There is no such thing as a compli-cated invention. There are complicated machines, but the basic ideas and de-vices that make up a complex mecha-nism are almost always fairly simple. The sleek, streamlined, and smoothly functioning machines of our civilization have developed from all the clever but simple inventions and discoveries that gradually accumulated over the many centuries of human history. Combining

    several simple, but basic, inventions and discoveries can result in a complicated machine such as the automobile, which could never have come about without the wheel, the process of smelting metals, electricity, and several other in-ventions and discoveries. That is what has happened throughout history.

    True inventions are almost always un-complicated. If they are not simple in concept, they q1n be expressed simply.

    One of the first implements used

    by primitive man may have been

    a jawbone of an animal.

    First row: Peking Man's tools

    (Old Stone Age, about 1,000,-

    000 B.C.l.

    Second row: Neanderthal Man's

    tools (Stone Age, about 50,000

    B.C.).

    Third row: Gro-Magnon Man's

    tools (New Stone Age, about

    10,000 B.C.) .

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    Just as a chimpanzee or other primate may pick up a natural object and use it as an implement,

    man's first implements most probably were the things he found and could use as extensions of

    his arms and hands; the jawbone of an animal could be 11sed as an ax, or a stone picked up could

    be used as a hammer. Only much later did man discover that the stone could be shaped and

    made flt for different purposes. It is this ability to devise a tool for future use which creates one of

    the big distinctions between man using a tool and an animal using a chance implement.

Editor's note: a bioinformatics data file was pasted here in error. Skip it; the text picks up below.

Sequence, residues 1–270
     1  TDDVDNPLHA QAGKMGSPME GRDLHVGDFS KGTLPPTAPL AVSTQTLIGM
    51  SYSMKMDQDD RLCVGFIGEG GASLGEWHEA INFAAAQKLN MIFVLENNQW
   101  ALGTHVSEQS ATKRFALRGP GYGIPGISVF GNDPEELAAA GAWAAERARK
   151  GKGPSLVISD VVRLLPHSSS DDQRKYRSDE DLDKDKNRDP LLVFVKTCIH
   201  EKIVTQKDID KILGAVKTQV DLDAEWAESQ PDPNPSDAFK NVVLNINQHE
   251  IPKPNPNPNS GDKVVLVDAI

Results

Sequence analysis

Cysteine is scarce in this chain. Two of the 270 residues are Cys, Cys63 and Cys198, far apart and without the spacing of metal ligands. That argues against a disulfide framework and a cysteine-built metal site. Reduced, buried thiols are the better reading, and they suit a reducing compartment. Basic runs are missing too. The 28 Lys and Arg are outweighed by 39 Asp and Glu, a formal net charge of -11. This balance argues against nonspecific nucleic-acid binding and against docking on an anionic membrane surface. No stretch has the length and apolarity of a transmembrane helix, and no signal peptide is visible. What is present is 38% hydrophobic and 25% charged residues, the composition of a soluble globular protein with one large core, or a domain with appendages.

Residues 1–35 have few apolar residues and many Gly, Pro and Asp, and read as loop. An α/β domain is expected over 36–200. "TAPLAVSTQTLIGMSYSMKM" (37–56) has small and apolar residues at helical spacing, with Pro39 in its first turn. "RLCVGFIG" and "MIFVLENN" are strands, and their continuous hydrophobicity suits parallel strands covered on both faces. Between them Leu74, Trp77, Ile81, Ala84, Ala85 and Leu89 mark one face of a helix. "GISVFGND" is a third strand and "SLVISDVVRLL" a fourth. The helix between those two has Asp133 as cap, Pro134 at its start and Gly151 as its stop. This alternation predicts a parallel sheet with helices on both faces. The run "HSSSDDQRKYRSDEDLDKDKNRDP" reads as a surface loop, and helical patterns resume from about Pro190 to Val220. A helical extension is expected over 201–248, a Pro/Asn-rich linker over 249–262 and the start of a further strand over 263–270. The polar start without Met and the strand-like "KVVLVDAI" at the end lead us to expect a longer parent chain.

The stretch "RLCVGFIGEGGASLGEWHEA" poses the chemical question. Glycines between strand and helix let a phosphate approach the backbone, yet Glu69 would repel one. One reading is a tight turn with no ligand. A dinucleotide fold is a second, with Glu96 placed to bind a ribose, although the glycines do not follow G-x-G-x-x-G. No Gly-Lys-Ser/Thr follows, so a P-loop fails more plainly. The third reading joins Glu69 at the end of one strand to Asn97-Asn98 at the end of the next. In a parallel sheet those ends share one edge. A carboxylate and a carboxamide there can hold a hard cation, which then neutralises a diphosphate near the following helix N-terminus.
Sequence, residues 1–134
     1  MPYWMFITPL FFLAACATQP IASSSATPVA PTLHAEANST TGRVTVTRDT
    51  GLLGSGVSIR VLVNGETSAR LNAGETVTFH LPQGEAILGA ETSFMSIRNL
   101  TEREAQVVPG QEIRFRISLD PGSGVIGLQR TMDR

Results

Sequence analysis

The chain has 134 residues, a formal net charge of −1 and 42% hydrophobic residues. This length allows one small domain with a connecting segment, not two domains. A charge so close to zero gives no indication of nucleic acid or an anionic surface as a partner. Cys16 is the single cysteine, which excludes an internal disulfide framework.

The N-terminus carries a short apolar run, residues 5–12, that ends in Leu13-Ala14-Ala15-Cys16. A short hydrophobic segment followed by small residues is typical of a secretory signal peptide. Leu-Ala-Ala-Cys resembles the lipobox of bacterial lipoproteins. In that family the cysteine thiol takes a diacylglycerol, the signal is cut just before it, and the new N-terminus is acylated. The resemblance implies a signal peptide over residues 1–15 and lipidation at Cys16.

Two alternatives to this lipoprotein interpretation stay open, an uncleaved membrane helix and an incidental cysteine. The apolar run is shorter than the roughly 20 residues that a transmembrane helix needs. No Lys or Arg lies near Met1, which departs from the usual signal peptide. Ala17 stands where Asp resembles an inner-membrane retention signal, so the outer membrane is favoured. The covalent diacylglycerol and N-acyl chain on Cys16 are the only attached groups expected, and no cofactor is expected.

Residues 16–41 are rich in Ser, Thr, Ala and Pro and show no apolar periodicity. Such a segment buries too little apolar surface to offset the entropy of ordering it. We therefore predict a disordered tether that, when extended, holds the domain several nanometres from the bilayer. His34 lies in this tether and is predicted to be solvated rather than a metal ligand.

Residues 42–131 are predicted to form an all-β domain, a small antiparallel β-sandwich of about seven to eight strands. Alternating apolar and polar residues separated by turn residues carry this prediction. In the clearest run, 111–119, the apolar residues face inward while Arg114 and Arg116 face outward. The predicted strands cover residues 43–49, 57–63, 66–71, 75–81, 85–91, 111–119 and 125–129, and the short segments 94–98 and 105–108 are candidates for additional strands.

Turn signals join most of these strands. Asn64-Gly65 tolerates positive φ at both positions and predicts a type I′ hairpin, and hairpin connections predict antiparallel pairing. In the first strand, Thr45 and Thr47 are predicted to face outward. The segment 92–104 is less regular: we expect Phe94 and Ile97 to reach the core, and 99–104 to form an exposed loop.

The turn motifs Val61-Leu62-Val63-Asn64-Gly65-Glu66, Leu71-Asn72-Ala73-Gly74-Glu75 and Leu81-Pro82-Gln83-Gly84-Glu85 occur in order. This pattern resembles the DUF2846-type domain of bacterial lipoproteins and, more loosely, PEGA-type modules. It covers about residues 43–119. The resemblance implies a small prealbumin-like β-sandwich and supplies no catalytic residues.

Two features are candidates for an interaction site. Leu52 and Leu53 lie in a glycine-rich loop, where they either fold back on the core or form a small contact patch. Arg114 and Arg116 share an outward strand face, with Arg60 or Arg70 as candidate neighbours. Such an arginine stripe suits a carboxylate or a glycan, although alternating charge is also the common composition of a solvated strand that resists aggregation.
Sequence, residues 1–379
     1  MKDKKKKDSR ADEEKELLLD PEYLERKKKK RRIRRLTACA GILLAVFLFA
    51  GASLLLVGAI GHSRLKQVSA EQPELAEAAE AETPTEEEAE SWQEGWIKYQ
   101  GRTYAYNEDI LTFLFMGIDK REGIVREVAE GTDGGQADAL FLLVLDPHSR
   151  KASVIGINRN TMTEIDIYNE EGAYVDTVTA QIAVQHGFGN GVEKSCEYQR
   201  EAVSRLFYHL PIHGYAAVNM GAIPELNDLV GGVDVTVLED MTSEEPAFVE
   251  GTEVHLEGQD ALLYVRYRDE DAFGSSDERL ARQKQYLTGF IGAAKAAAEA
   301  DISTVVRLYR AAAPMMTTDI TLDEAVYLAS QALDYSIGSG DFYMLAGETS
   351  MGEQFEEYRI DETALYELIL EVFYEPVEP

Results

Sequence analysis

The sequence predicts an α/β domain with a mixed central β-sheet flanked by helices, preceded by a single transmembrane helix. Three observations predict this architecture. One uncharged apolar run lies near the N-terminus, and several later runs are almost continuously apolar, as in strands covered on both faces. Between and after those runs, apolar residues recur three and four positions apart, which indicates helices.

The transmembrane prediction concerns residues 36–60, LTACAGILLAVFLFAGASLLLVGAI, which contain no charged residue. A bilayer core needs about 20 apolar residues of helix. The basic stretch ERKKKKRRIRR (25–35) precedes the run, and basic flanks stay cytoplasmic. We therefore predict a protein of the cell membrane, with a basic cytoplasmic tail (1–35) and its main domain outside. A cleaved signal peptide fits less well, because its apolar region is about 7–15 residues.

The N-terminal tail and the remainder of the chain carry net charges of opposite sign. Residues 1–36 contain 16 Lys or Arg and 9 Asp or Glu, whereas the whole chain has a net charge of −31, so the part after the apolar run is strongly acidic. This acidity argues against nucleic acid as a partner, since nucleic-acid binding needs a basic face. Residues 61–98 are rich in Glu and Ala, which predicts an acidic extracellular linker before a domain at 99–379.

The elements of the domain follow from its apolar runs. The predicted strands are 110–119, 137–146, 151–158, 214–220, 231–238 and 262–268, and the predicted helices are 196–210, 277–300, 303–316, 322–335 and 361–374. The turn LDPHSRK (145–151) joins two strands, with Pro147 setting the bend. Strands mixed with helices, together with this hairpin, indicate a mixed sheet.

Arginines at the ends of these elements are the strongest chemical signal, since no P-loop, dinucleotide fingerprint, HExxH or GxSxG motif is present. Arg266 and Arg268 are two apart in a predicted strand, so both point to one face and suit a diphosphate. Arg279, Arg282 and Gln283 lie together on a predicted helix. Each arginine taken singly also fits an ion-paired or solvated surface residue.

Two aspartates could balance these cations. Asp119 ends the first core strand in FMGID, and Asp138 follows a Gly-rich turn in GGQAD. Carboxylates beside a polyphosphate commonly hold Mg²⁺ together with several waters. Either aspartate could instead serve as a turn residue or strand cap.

Einstein's famous equation "E = mc2," although the result of years of intense work, expresses the whole field of atomic energy. And what could be . plainer than a wheel spinning on an axle? These are simple and basic ideas, yet they show the directness and pur-posefulness of man's inventive mind.

    In the beginning, man never deliberately

    Why did man begin to invent things?

    set out to invent things. The de-vices that were

    first designed were accidentally discov-ered, or built because of need or the

    The first fishhooks were ) )

    made from shells. (0

    desire to improve a hard life. The first inventions were simple tools - devices with which to cut, to hammer, to dig, or to throw - tools that, at first, were ex-tensions of the hands. Later, niuch later, man's inventiveness extended to his eyes, ears, legs; eventually, he even learned to fly in machines. However, at the beginning, perhaps a million years ago, primitive man could only shape stones and sticks to give his already skillful hands added power.

    5

  • There is a burrowing

    wasp (Ammophila) that

    uses a pebble, held in

    the mandible, to flatten

    the earth over the hole

    in which its eggs are

    hidden.

    There is a finch (Cacto-

    spiza) that uses a cac-

    tus spine to pry insects

    from the tree bark.

    There is a sea otter that uses a stone as a hammer

    to crush a shell.

    A monkey yses a stick to get hold of a banana which

    fell outside his cage.

    6

    Man was not the first of the creatures on earth to use a

    Do other creatures t l Th . t I ?

    oo . ere IS a use oo s.

    burrowing wasp that uses a pebble for a tamper to pound the sand down over her nest. A finch that lives in the Galapagos Islands pries insects from the crevices in tree trunks with a cactus-spine lever, and the English spotted woodpecker holds open a cleft in a tree branch with a pine-cone wedge. The sea otter, while floating on its back in the water, is known to place a stone on its chest and hammer a shellfish on it until the shell breaks open. And finally, many of the monkeys and apes sometimes use sticks and stones as levers and missiles.

    The great difference between man and . the tool-using

    Why is man's use of . l . th t . amma SIS a tools more important? hil .

    w e ammals follow an inherited instinctive pattern, a manner of behavior that if it varies at all 'does so only slightly from genera-tion to generation, man can learn. Also, animals use only those tools they find that fit the purpose. Man builds his! Man has a conscious concept of a tool's use and makes a conscious effort to de-sign one that will do the job. In addition to building tools, man seeks to improve them.

    In the prehistoric days, early man de-liberately chipped pieces of stone until he had a hammer head or a cutting edge. He sharpened the ends of stiCks for spears, and lashed handles to his stone tools. He wove grasses together to form mats, and learned to make fire.

  • Man began to consciously invent de-vices that would mak